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Disease Note.

Botrytis cinerea Blossom Blight of Alfalfa on the Canadian Prairies. B. D. Gossen, Agriculture and Agri-Food Canada Research Centre, Saska- toon, SK, S7N 0X2. S. R. Smith, Plant Science Department, University of Manitoba, Winnipeg, MB, R3T 2N2; and R. G. Platford, Department of Agriculture, Winnipeg, MB, R3T 2N2. Plant Dis. 78:1218. Accepted for publication 13 July 1994. Copyright 1994 The American Phytopathological Society. DOI: 10.1094/PD-78-1218D.

In late July 1993, a blossom blight was widespread and severe in alfalfa (Medicago sativa L.) seed production fields in central Manitoba and occurred sporadically in Saskatchewan and Alberta. The cultivar Vernal was particularly susceptible. Botrytis cinerea Pers.:Fr. was isolated from infected flowers, and pathogenicity was confirmed in a greenhouse test. Infected flowers were quickly covered by gray mycelium with abundant sporulation. Visible discoloration extended into the petioles but not into the stem. Leaflets became infected only after senescence. Plants with severe symptoms produced little or no seed. Cool, wet weather appears to be a necessary precondition for epidemic increase of blossom blight (1,2). These conditions occurred throughout the region at flowering; e.g., at Brandon, Manitoba, rainfall totaled 237 mm in July and August, which was 68% above the 30-yr mean. Blossom blight of alfalfa has not been reported previously from western Canada, although B. cinerea is isolated routinely from other hosts.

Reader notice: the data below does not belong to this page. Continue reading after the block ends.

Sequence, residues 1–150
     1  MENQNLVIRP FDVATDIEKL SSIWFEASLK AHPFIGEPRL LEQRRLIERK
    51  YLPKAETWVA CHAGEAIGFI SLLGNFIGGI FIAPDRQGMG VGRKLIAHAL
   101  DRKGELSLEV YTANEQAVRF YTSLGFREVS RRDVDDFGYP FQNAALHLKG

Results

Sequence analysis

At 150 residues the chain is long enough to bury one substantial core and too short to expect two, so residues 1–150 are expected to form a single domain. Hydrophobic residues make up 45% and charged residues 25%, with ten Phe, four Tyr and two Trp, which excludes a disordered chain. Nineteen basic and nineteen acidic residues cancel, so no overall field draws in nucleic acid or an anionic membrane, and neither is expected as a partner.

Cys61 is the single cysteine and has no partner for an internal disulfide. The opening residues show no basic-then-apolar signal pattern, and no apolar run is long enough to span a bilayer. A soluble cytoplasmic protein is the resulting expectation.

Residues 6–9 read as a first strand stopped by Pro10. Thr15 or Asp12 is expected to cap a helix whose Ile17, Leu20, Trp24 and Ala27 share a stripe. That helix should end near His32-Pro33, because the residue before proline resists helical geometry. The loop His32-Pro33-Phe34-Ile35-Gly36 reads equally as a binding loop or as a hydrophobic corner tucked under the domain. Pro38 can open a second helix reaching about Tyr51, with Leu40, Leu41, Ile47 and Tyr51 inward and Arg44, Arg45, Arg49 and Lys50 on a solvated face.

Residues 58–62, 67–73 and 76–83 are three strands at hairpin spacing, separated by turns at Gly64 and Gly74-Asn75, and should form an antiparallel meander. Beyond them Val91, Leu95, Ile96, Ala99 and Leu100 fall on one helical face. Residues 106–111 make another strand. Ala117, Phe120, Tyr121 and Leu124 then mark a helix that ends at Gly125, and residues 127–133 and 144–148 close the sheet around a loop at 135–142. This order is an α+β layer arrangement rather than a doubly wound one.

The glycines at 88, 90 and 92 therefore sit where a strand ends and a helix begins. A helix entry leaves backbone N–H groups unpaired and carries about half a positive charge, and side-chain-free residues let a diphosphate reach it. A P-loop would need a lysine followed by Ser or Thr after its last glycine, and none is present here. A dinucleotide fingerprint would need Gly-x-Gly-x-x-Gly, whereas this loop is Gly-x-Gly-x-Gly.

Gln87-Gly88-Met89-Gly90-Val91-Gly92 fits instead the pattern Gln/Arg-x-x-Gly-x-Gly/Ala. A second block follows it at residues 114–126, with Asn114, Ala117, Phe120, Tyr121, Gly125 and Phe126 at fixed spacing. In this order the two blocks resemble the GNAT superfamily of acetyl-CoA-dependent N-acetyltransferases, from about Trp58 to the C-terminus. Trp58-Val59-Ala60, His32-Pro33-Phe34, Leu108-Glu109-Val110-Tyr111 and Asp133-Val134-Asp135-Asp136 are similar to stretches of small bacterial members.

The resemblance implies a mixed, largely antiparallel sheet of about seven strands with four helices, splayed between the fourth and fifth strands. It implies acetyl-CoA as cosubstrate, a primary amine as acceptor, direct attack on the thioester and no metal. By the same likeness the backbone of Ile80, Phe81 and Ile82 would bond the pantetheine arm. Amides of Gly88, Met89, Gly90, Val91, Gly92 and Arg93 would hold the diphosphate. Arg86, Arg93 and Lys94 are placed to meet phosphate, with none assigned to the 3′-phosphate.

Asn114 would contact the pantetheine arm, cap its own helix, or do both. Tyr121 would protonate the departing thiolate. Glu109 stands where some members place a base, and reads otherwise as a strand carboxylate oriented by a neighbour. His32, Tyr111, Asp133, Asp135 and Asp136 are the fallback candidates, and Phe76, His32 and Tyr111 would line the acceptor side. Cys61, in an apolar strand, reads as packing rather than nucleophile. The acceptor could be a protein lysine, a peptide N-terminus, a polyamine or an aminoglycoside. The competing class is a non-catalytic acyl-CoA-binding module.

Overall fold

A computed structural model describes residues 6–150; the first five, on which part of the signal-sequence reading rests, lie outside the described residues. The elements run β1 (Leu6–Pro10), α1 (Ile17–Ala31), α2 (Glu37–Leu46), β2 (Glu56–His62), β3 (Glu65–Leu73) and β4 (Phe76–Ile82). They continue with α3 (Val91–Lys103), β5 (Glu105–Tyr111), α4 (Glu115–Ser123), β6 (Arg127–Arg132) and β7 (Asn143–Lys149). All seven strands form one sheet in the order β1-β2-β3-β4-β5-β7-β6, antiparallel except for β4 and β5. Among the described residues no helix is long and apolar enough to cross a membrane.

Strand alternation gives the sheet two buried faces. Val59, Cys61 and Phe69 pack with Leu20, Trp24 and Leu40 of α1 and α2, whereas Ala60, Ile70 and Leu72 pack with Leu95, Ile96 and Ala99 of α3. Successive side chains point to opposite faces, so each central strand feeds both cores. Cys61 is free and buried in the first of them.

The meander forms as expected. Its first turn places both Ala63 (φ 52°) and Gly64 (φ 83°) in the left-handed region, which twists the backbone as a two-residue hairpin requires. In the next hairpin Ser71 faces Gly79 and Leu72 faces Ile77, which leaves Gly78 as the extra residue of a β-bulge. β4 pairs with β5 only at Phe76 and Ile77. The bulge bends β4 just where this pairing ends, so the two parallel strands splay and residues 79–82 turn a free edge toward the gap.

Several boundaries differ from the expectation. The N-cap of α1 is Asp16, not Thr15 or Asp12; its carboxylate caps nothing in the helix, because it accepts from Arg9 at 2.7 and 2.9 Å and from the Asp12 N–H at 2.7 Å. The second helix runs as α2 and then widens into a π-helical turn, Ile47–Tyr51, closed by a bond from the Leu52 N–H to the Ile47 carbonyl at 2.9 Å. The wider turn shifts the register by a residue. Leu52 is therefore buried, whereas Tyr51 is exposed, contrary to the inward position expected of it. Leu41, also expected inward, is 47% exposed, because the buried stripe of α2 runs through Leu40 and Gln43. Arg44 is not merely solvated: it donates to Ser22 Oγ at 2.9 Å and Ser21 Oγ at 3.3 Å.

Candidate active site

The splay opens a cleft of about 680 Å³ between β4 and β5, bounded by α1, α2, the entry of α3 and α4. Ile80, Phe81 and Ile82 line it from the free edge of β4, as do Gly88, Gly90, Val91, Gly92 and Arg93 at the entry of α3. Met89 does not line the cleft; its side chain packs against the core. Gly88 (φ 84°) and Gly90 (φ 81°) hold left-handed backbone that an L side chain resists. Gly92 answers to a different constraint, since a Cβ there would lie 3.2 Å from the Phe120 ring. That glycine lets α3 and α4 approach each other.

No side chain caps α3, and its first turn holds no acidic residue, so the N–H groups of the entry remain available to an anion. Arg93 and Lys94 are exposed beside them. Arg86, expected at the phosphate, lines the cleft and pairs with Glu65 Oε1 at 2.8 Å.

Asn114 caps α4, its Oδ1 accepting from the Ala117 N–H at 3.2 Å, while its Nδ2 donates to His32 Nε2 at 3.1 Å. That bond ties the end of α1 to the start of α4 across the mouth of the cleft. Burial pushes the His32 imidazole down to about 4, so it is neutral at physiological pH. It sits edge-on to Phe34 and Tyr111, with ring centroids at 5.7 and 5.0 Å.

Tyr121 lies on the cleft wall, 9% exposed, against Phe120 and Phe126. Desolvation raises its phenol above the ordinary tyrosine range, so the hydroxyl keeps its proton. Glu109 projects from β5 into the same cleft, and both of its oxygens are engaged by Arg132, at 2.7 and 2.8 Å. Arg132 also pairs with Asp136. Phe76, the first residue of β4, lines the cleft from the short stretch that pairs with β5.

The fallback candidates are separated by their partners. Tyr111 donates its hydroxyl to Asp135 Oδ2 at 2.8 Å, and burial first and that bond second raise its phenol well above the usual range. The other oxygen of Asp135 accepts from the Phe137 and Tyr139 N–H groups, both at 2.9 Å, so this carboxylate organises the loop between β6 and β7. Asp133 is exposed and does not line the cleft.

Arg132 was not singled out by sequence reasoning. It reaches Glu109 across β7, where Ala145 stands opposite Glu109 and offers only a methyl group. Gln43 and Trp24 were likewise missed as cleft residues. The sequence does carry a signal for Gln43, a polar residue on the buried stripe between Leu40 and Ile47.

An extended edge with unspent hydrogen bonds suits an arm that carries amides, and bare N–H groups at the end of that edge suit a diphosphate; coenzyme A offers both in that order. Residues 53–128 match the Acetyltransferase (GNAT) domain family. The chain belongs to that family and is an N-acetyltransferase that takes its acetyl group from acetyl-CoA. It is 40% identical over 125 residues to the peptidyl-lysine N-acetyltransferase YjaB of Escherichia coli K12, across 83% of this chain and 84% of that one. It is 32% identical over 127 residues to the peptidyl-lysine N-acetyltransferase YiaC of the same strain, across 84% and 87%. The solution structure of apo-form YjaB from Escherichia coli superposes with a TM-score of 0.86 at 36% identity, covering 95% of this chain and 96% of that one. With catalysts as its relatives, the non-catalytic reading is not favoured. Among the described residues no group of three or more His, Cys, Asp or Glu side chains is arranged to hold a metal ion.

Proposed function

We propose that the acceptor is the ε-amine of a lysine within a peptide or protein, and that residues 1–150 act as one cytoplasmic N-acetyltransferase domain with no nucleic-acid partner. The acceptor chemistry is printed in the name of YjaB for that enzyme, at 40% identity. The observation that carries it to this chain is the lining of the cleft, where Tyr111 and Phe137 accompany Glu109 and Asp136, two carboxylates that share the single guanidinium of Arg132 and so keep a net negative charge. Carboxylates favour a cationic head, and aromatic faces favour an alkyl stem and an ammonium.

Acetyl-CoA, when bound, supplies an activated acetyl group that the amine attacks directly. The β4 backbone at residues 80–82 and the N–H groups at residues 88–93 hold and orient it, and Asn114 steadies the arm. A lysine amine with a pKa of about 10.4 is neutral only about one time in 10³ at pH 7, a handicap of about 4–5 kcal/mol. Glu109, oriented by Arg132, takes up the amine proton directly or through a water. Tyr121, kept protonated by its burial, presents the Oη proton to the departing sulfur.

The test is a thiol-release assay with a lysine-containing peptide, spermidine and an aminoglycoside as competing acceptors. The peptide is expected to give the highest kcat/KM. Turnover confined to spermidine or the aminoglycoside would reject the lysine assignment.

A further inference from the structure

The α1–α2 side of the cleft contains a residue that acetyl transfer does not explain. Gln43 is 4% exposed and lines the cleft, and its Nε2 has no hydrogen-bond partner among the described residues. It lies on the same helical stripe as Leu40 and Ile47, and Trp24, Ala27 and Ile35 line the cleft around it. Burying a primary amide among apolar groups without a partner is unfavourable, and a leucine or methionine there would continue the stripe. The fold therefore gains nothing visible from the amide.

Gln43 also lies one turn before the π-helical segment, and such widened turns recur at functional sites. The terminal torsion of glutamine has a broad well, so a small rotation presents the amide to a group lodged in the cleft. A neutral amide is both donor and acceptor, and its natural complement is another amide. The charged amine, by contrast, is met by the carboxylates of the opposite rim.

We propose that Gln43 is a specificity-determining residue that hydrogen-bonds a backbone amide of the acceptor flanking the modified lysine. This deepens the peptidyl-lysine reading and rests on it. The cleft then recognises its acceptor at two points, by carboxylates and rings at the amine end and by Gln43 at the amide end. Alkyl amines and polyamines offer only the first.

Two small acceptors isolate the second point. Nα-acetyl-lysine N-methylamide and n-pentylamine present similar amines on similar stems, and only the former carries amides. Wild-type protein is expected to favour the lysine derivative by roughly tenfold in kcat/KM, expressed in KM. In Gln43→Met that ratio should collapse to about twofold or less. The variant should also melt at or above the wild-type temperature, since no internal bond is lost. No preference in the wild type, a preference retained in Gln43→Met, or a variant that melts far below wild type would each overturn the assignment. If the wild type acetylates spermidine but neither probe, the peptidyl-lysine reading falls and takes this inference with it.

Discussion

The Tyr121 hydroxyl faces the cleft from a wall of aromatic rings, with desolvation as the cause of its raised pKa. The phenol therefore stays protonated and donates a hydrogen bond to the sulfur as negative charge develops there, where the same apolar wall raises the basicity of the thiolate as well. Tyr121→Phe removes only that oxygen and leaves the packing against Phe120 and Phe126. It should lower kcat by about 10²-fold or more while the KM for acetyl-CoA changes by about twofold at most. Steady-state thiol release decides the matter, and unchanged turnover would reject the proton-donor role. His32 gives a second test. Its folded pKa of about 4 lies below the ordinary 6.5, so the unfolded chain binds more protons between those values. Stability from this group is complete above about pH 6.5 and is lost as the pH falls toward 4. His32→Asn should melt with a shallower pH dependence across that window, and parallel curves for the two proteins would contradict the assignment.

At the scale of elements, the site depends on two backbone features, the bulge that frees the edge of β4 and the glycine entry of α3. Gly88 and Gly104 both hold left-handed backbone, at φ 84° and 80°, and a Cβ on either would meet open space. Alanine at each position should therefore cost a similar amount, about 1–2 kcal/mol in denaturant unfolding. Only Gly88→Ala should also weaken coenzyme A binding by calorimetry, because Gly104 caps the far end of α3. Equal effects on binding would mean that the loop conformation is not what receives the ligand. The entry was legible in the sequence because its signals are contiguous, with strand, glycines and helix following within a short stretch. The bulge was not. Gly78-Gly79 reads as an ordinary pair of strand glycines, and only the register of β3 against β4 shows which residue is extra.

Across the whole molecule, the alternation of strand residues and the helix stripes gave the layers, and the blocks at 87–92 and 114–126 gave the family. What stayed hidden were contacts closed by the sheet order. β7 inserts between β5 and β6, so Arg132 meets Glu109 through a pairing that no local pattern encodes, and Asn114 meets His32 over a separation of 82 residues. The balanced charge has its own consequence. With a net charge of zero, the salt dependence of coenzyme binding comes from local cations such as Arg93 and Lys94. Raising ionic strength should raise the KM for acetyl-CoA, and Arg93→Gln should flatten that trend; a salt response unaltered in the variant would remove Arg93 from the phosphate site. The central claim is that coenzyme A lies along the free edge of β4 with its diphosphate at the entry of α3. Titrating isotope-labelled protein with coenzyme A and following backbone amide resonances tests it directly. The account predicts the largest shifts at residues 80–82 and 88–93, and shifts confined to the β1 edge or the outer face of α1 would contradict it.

References: (1) E. W. Hanson. Plant Dis. Rep. 37:467, 1953. (2) F. R. Jones. Plant Dis. Rep. 36:61, 1952.